Outstanding entries for musical composition competition produce tight finish in shinty shoot-out

Ewen Henderson, who plays the fiddle and pipes, composed a three-four pipe tune for the contest.

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Lochaber’s Ewen Henderson, one of Scotland’s finest musicians and composers, has won a unique competition held to mark the 200th anniversary of the Royal Celtic Society and the fact shinty has not been played this season.

Results of the final of the musical shoot-out were revealed at 2.15pm on Saturday afternoon – September 19 – at the precise moment shinty’s Big Day Out, the Tulloch Homes Camanachd Cup Final, would have been throwing up in Kingussie had it not been for the Coronavirus pandemic.

Three of Scotland’s oldest and most significant sporting and cultural bodies – the Royal Celtic Society, Glasgow Celtic Society and Camanachd Association – came together to offer a major set of prizes for an original musical competition marking the absence of shinty from this summer’s sporting calendar and looking forward to the return of play.

Led by the Royal Celtic Society (RCS), which is this year celebrating its 200th anniversary, and in partnership with the Glasgow Celtic Society and shinty’s governing body the Camanachd Association, supported by Tulloch Homes, the competition offered three prizes totalling £1,500 for an individual to compose an original competition.

Three finalists were chosen by a panel of judges after considerable and challenging assessment from an original entry list of more than 20. After prolonged discussion, chairman of the judges Gary Innes revealed the result with Ewen Henderson in first place, Mary Ann Kennedy second and Chris Gray third.

Speaking of behalf of the judges Gary Innes said: ‘It was a hugely challenging set of circumstances and a really interesting competition which attracted a significant number of fantastic entries.

‘We are delighted with the response we got from a wide range of musicians who made the most of the opportunities we offered them to be creative and imaginative about the situation we find ourselves in. It was very difficult for the judges to narrow it down, but we reduced the original 20-odd to five, then three and finally came to our decision.

‘Ewen’s melody was key to his success but we cannot speak highly enough of the effort everyone put into the competition.’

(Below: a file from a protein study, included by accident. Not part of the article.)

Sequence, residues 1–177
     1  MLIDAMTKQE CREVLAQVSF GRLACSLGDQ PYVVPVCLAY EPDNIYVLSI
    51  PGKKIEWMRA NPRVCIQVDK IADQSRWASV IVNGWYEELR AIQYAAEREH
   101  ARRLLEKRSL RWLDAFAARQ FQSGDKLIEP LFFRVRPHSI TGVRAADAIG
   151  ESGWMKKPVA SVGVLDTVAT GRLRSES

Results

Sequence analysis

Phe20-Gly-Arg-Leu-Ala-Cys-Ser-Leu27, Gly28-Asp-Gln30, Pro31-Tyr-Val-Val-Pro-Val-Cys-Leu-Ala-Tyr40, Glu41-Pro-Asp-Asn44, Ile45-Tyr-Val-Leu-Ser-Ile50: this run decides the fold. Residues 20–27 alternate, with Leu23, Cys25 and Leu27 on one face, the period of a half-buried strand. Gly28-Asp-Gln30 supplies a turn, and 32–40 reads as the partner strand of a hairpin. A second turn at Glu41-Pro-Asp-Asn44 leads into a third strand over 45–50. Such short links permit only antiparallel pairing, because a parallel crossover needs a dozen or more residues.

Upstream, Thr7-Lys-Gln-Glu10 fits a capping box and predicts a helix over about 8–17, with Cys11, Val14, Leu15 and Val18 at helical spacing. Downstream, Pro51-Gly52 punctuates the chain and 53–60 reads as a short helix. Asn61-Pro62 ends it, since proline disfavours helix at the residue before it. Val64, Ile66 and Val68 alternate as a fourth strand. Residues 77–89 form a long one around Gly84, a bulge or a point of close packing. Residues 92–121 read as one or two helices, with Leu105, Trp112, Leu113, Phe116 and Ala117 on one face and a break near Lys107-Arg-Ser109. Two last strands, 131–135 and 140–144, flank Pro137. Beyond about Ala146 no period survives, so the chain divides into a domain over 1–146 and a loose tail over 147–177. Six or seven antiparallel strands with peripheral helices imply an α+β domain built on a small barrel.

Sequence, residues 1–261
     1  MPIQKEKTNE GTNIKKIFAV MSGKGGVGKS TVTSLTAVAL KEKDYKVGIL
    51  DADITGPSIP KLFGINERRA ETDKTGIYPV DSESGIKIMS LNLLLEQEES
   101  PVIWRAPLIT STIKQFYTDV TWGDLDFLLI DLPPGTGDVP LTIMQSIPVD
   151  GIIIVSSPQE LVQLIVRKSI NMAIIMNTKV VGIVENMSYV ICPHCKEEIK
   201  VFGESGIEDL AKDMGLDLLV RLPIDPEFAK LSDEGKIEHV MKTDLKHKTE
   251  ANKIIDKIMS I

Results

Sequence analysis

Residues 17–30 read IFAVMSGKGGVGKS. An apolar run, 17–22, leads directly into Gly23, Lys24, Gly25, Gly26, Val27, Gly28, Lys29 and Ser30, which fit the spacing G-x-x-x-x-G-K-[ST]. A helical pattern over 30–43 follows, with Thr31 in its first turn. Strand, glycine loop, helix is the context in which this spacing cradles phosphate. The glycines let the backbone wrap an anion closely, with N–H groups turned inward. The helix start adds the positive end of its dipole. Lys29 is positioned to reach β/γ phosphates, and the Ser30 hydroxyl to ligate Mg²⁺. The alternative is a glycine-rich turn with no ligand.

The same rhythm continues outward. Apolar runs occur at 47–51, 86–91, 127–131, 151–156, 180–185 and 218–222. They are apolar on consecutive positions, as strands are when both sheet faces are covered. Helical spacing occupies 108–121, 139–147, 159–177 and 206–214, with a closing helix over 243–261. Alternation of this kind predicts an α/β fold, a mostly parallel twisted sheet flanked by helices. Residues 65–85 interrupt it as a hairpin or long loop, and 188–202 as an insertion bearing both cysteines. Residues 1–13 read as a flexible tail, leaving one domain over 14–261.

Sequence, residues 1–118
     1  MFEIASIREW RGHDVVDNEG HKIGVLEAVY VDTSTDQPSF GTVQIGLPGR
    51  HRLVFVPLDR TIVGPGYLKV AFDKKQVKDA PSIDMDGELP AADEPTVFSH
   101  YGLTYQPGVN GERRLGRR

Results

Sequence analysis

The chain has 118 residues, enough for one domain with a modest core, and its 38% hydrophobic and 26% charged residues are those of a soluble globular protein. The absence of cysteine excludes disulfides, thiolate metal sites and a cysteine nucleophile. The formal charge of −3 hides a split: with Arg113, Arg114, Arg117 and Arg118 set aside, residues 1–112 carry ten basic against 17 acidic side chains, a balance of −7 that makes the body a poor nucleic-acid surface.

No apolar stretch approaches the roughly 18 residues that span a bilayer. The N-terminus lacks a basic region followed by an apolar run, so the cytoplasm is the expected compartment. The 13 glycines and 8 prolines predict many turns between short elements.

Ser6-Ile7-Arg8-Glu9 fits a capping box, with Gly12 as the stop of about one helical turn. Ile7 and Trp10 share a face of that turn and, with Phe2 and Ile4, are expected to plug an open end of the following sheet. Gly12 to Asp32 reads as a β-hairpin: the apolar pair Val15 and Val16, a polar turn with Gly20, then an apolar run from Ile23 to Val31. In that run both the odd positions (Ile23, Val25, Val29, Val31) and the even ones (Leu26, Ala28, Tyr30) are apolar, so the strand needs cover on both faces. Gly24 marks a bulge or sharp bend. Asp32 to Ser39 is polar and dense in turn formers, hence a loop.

Ewen Henderson said: ‘I’ve composed a pipe-style ¾ march in three parts. The first reflects shinty’s proud history; the darker and repetitive second part symbolises lockdown and shinty’s hiatus; the optimistic third part looks to the future and shinty’s revival.

‘Unique to Scotland, ¾ marches are a much underrated and neglected part of our musical heritage in the same way shinty is sometimes overlooked in the wider sphere of Scottish sport. Also, many of the best of these marches were composed by army pipers in the war years – an appropriate nod to the only other times shinty seasons have been cancelled.’

Prizes for the competition were supported by The Royal Celtic Society, Glasgow Celtic Society and the Camanachd Association supported by Tulloch Homes. The winner received £750, second place £500 and third place £250.

The RCS had originally intended the winner of the competition could have performed at this year’s Camanachd Cup Final at the post-match Final Fling. That game has now been re-scheduled for Kingussie in September 2021.

Royal Celtic Society Chairman Alan Hay said: ‘We are grateful to the Princess Royal for introducing the final competition for us in our significant 200th year when she has agreed to become our Patron. I am grateful to the Glasgow Celtic Society and Camanachd Association with the support of Tulloch Homes.

‘This was a huge undertaking for us and a unique set of circumstances against the background of a global pandemic, at a significant moment in our own and shinty’s history.

‘I am grateful to the judges, who were unanimous that they found the entries a highly demanding challenge in terms of the separation for final choices, and I know from personal experience how difficult it was to select a winner from such an accomplished set of entries.

‘We were particularly encouraged by the number of young people who took part and also the fact the clarsach appeared at least twice.’

The selection panel was led by award-winning musician Gary Innes of Mànran, the BBC Scotland Take the Floor presenter and former shinty captain of Scotland. Gary was joined on the panel by RCS chairman Alan Hay, Angus MacInnes of the Glasgow Celtic Society and Claire Delaney of Lochaber Camanachd, representing the Camanachd Association.

The three prizewinners and the competition video can be accessed  on YouYube   https://youtu.be/Qh3m1EaMyF4